- A lack of confidence in one’s ability to effectively communicate and a sense of “losing control” due to the extreme variability in regard to occurrence and manner of stuttering.
- The individual employing increased tension, struggle or pushing to try to force the words out, which can be expressed as facial tics, abnormal breathing and movements of the head, arms and legs.
- The anticipation of future speech breakdowns causing the individual to avoid talking, switch words or do anything to hide the overt behaviors. Stuttering can inhibit the drive to communicate and participate in daily activities.
Speech-language pathologist may assess and provide intervention for the following fluency disorders:
Developmental stuttering appears during the emergence of speech and language, typically between 2-4 years of age. Most (75-80% of) children who begin stuttering will spontaneously recover. If stuttering persists into the school-age years, it will likely be a chronic but manageable condition. Acquired stuttering, the result of head-injury or psychological trauma, may occur at any stage of life. A further related condition is cluttering, characterized by rapid or irregular speaking rate, excessive normal speech disfluencies and deletion of sounds and syllables resulting in speech that is difficult to understand.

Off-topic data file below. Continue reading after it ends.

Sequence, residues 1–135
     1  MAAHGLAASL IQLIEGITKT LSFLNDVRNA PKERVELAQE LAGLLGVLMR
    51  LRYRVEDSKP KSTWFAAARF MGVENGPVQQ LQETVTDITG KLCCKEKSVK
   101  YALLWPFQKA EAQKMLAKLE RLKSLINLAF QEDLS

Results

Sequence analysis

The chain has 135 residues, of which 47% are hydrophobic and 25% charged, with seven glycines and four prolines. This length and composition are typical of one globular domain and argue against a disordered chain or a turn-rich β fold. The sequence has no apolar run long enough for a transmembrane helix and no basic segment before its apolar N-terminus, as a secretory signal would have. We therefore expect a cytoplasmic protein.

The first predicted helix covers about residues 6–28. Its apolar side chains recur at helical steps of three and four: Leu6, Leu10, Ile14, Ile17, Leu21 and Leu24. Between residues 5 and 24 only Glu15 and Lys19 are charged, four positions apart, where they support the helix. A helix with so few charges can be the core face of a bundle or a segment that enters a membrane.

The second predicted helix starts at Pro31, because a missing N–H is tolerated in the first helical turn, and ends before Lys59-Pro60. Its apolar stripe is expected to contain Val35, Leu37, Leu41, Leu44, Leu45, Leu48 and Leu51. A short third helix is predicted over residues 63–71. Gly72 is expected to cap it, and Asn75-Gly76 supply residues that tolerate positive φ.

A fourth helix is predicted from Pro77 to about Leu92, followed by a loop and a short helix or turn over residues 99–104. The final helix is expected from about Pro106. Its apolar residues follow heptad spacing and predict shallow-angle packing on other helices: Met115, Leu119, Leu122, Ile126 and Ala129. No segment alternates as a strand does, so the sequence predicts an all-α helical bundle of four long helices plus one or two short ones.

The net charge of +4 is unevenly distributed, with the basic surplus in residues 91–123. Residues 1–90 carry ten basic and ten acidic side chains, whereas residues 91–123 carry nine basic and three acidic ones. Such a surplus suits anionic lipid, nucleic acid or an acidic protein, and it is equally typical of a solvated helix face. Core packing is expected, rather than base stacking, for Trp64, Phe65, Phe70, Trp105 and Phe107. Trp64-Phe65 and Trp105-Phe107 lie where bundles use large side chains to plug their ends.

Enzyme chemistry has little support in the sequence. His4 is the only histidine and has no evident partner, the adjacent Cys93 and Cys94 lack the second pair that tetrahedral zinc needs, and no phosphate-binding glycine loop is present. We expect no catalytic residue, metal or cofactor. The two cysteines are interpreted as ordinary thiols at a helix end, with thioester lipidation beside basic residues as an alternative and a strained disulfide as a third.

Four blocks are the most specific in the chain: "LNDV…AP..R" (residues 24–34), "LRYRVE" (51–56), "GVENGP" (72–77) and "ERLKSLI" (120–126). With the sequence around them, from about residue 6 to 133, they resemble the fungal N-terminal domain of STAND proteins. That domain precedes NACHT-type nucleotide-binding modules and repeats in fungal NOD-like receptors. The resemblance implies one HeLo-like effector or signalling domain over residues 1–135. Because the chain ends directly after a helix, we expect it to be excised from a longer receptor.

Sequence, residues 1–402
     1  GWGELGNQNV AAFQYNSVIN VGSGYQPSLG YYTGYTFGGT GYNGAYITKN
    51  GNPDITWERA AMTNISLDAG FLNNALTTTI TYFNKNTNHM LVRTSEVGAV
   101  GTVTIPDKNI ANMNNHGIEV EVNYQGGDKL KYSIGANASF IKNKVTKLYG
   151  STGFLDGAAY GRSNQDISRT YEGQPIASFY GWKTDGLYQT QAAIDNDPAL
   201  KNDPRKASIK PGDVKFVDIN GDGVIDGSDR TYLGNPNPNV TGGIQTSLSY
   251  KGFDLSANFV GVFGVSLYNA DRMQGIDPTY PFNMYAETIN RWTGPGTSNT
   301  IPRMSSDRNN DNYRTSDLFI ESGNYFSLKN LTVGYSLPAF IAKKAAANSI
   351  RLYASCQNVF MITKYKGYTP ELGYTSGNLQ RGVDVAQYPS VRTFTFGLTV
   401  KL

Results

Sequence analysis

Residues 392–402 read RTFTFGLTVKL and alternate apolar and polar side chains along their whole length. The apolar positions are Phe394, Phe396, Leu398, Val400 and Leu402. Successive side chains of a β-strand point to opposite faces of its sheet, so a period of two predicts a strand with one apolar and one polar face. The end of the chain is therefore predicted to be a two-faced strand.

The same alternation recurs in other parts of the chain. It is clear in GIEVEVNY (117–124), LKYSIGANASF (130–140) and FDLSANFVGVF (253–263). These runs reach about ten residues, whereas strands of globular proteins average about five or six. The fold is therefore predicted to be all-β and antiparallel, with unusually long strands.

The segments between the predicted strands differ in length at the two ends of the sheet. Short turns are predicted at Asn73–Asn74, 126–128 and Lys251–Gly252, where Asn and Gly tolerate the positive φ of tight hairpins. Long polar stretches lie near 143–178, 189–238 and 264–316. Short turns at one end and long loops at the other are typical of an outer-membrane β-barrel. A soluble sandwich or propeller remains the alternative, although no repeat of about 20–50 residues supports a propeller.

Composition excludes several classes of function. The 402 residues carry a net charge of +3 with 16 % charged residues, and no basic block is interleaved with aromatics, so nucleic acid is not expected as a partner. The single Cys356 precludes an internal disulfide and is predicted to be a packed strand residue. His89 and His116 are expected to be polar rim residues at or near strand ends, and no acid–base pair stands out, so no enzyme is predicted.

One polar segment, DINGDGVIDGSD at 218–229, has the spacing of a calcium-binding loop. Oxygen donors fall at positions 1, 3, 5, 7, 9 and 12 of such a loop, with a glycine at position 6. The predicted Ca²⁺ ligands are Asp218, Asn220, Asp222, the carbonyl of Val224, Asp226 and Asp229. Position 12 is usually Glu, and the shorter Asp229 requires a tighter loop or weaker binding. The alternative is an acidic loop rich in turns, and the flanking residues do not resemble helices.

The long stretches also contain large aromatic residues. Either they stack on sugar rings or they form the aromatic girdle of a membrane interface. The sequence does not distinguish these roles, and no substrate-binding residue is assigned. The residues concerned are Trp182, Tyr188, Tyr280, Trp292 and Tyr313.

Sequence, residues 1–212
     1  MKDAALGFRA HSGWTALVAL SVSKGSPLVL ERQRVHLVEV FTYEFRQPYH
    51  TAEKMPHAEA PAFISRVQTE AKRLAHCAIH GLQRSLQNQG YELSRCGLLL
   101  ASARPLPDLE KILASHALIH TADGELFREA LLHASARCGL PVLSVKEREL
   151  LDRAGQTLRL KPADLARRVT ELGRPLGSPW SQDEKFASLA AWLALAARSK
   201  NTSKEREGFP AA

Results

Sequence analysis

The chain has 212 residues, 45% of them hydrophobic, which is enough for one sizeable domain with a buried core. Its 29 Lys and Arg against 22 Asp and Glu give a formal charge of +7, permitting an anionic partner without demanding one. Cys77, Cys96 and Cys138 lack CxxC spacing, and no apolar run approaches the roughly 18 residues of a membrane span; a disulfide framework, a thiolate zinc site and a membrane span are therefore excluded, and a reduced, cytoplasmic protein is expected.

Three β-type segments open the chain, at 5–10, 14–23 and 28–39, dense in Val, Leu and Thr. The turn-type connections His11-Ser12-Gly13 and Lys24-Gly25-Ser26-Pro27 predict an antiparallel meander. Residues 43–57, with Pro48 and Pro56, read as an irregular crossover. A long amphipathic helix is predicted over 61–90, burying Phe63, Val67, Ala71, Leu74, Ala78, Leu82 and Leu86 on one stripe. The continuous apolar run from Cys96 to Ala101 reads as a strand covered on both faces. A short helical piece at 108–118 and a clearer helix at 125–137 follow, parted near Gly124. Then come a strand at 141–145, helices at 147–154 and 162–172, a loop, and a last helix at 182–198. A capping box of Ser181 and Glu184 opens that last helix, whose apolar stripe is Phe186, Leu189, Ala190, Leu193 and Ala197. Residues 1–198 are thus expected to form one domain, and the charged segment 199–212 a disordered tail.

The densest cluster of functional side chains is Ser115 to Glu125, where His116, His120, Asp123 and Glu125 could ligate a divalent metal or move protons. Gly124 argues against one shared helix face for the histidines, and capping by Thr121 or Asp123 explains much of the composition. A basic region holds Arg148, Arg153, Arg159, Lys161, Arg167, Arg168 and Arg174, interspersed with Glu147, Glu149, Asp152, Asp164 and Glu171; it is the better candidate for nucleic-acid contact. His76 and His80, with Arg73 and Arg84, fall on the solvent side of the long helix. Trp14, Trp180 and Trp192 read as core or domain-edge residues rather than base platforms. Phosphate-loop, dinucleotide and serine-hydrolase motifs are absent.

While stuttering cannot be cured, therapy can help decrease the impact of the communication disorder. Speech therapy for stuttering seeks to make speaking easier, but also fosters self-respect, freedom of speech and the conviction that what you want to say is worthwhile, stutter or not.
(Joseph Donaher, Ph.D CCC-SLP, Stuttering Foundation of America, May 2015; Phil Schneider, Ed.D. CCC-SLP, www.schneiderspeech.com.)
Through interview, analysis of video-recordings of speech samples and completion of impact questionnaires, the speech-language pathologist will measure overt stuttering behaviours as well as psycho-social impact on function, activity and community participation, in order to determine severity, establish client goals and decide best options for treatment.